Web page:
If you have a 5.1 surround sound system, prepare to be impressed. Offered in both Dolby Digital and DTS, the multichannel mix of Hullabaloo seems to have been done with the mission of putting you in the venue - and it succeeds superbly. The band is spread out across the three front channels, though in common with many current live discs the centre channel is used very modestly, mainly to aid in localisation of sounds. Matt Bellamy’s lead vocals, for example, appear in all three channels but are firmly anchored to the centre (incidentally, some may think the vocals sound quite low in the mix at times; this appears to have been intentional). The subwoofer is used extensively but is extremely well controlled - this is certainly not the usual low-pass-filter excuse to make the room shake every time somebody breathes. This LFE track has been designed to give the kind of kick to the kick drum and the kind of feel-it-in-your-whole-body warmth to the bass guitar that you’d experience if you were actually at the show.


The front channel configuration helps that you-are-there realism, but the surrounds take it even further. The audience’s cheers, screams, mass outbreaks of singing and general chatter are of course very prominent in the rear channels, but there’s separate crowd noise in the front channels as well, giving you the instant feeling of standing right in the middle of the venue. Adding even more realism is some natural-sounding reverb on vocals and instruments in the surrounds, but if you listen closely you’ll also hear that some things - mostly keyboards and sampled effects - have been deliberately, subtly placed at the back as well, though never obnoxiously enough to make you look around and wonder who’s playing at the back of the room.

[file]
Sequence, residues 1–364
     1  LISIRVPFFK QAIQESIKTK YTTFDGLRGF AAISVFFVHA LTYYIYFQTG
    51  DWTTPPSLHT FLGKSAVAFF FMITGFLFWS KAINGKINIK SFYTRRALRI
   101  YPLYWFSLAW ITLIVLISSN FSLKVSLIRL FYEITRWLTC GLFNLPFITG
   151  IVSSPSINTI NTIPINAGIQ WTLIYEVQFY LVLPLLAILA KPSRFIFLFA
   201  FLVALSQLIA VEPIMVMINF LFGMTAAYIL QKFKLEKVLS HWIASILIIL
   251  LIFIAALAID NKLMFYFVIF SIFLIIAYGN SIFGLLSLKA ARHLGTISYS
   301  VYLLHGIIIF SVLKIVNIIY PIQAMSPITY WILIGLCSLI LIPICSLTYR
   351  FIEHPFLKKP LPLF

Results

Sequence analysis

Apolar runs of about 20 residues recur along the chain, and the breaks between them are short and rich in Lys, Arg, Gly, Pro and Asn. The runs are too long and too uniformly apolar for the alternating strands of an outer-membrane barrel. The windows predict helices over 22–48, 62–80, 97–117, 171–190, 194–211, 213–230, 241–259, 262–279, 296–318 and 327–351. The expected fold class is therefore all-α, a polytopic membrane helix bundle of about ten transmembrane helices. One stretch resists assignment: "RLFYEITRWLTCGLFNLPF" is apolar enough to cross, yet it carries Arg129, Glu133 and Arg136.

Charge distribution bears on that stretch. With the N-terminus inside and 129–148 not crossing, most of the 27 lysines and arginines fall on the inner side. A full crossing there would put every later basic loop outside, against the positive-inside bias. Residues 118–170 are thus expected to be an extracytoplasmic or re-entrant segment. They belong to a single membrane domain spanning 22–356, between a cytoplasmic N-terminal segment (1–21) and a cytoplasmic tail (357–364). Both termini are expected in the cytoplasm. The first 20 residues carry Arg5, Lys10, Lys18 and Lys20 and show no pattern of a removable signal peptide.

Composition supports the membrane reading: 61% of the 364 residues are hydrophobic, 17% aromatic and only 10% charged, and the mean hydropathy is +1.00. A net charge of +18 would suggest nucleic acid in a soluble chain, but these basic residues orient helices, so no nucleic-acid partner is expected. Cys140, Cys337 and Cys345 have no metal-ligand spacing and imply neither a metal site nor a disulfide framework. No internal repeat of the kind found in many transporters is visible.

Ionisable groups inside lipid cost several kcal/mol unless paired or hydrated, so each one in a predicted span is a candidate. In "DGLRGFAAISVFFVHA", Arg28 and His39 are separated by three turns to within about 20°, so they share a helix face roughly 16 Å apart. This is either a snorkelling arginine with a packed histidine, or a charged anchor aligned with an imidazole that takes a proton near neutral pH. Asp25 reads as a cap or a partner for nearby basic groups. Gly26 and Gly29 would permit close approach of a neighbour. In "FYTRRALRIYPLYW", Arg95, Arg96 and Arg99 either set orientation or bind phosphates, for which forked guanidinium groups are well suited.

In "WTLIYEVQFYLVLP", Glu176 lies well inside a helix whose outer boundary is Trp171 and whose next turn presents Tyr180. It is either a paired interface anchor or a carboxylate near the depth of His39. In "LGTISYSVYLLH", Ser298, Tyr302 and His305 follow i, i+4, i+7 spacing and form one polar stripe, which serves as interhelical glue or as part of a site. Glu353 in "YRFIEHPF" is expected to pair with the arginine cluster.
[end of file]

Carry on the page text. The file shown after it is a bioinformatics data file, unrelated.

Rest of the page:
The half-bitrate DTS track is mastered typically louder than the Dolby Digital one, and sounds noticeably nicer - it seems less compressed dynamically and offers cleaner top end, as well as a more prominent subwoofer. Oddly, the DTS surrounds are several decibels louder than their Dolby counterparts, and we had to wind surround volume down by 3dB to restore realism.


There’s a stereo mix provided as well, encoded as a Dolby Digital 2.0 track, but you won’t want this unless you’re restricted to listening in stereo (downmixing the default DD 5.1 track works fine, but sub-bass is of course dropped from the mix in that case). There’s a small audio dropout during the crowd noise between the first two songs on the stereo track only; this dropout also appears on the audio CD, which was obviously edited from the same master.




Source: http://www.dvd.net.au/review.cgi?review_id=1677


No idea how trustworthy it is, but I think it's reasonably accurate.

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  • 5 months later...

What is odd is that HAARP was recorded in HD but never released in HD only SD, only the one off cinema screening which was held round about now in 2008 was the only time the HD was shown which I always wondered why was it never released???